Morning Prayer: 15 September – Romans 12:17-21 ~ on conquering evil

Reading through Romans

+ In the name of the Father, and of the Son, and of the Holy Spirit. Amen.

Opening sentence

Praise to You, Lord Jesus Christ, King of endless glory. You have the words of eternal life, and we have believed and have come to know that You are the Holy One of God.

A reading from Romans: Romans 12:17-21 (NLT)


Never pay back evil with more evil. Do things in such a way that everyone can see you are honorable. Do all that you can to live in peace with everyone.

Dear friends, never take revenge. Leave that to the righteous anger of God. For the Scriptures say, “I will take revenge; I will pay them back,” says the Lord.

Instead, “If your enemies are hungry, feed them. If they are thirsty, give them something to drink. In doing this, you will heap burning coals of shame on their heads.”

Don’t let evil conquer you, but conquer evil by doing good.

Reflection: Romans 12:17-21 (John Stott, The Message of Romans: God’s Good News for the World)

The will of God for changed relationships: (Romans 12:1– 15: 13)

Now all believers, irrespective of their ethnic origin, are brothers and sisters in the one international family of God, and so all have precisely the same vocation to be the holy, committed, humble, loving and conscientious people of God…. God’s grace, far from encouraging or condoning sin, is the spring and foundation of righteous conduct.

(Romans 12:17-21) Our relationship to our enemies: not retaliation but service

How should Christians respond to evildoers?

1. ‘Do not curse’ (14)… but bless.  There is no better way to express our positive wishes for our enemies’ welfare than to turn them into prayer and into action.

2. ‘Do not repay anyone evil for evil’ (17)… but do what is right and live at peace. To refuse to repay evil is to refuse to inflame a quarrel. But this is not enough. We have also to take the initiative in positive peacemaking, even if, as the two qualifications indicate (‘ if it is possible’ and ‘as far as it depends on you’), this is not always possible. For sometimes other people either are not willing to live at peace with us, or lay down a condition for reconciliation which would involve an unacceptable moral compromise.


3. ‘Do not take revenge’ (19)… but leave this to God.  The very two activities which are prohibited to us (retaliation and punishment) are now said to belong to God. The reason the repayment or judging of evil is forbidden to us is not that it is wrong in itself (for evil deserves to be punished and should be), but that it is God’s prerogative, not ours. We are to ‘leave it to the wrath of God’, which is expressed now through the state’s administration of justice, since the magistrate is ‘God’s servant, an agent of wrath to bring punishment on the wrongdoer’(13: 4), and which will be finally expressed on ‘the day of God’s wrath, when his righteous judgment will be revealed’(2: 5).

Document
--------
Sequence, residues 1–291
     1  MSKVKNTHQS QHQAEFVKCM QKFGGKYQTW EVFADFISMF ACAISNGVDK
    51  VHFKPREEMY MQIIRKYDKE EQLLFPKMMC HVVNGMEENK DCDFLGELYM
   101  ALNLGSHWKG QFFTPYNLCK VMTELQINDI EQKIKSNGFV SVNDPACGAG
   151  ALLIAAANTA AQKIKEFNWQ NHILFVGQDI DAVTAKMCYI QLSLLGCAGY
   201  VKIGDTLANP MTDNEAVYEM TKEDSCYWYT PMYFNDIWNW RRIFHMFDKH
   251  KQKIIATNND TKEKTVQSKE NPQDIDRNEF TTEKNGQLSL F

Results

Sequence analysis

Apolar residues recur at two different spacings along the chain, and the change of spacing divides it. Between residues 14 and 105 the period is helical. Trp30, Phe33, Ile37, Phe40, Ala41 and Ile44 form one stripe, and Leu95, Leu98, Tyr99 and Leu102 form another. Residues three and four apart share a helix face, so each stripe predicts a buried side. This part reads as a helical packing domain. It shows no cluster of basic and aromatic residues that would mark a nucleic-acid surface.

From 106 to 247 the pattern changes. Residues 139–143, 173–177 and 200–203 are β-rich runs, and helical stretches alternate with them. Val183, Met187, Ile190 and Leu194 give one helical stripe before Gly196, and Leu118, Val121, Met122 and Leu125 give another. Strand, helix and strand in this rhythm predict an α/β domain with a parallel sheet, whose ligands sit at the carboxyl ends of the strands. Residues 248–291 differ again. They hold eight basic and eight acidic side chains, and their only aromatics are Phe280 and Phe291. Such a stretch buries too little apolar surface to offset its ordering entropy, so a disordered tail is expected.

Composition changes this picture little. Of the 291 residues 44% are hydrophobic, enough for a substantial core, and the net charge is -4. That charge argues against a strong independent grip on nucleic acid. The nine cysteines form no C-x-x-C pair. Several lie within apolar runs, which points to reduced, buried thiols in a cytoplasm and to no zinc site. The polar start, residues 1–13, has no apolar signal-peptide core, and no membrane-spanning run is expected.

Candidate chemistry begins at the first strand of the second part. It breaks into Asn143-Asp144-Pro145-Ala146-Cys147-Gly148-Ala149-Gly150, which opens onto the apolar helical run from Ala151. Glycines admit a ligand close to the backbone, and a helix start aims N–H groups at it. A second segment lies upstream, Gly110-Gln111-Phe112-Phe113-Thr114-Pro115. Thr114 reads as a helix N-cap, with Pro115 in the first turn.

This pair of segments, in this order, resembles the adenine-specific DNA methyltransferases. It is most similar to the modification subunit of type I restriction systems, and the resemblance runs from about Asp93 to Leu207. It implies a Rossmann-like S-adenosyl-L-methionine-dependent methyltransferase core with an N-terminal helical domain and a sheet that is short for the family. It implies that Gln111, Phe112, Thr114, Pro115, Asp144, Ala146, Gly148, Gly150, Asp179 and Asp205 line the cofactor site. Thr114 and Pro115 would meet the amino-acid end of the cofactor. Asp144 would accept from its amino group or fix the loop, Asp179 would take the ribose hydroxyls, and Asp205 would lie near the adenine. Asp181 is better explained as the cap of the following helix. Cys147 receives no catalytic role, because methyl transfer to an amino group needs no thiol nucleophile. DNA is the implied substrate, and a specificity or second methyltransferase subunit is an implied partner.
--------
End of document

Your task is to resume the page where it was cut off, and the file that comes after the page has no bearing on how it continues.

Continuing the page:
4. ‘Do not be overcome by evil’ (21)… but serve enemies and overcome evil with good.  Our personal responsibility is to love and serve our enemy according to his needs, and genuinely to seek his highest good. The coals of fire this may heap on him are intended to heal, not to hurt, to win, not to alienate, in fact, to shame him into repentance.

Thus Paul draws a vital distinction between the duty of private citizens to love and serve the evildoer, and the duty of public servants, as official agents of God’s wrath, to bring him to trial and, if convicted, to punish him. Far from being incompatible with each other, both principles are seen operating in Jesus at the cross. On the one hand, ‘when they hurled their insults at him, he did not retaliate’. On the other, ‘he entrusted himself to him who judges justly’, in confidence that God’s justice would prevail.

“Love Your Enemies”



Christ, as a light illumine and guide me. Christ, as a shield overshadow me. Christ under me; Christ over me; Christ beside me on my left and my right. This day be within and without me, lowly and meek, yet all-powerful. Be in the heart of each to whom I speak; in the mouth of each who speaks unto me. This day be within and without me, lowly and meek, yet all-powerful. Christ as a light; Christ as a shield; Christ beside me on my left and my right.


May the peace of the Lord Christ go with you, wherever He may send you. May He guide you through the wilderness, protect you through the storm. May He bring you home rejoicing at the wonders He has shown you. May He bring you home rejoicing once again into our doors.

+ In the name of the Father, and of the Son, and of the Holy Spirit. Amen

Categories: Life around the World, Life in America, Life in Christ

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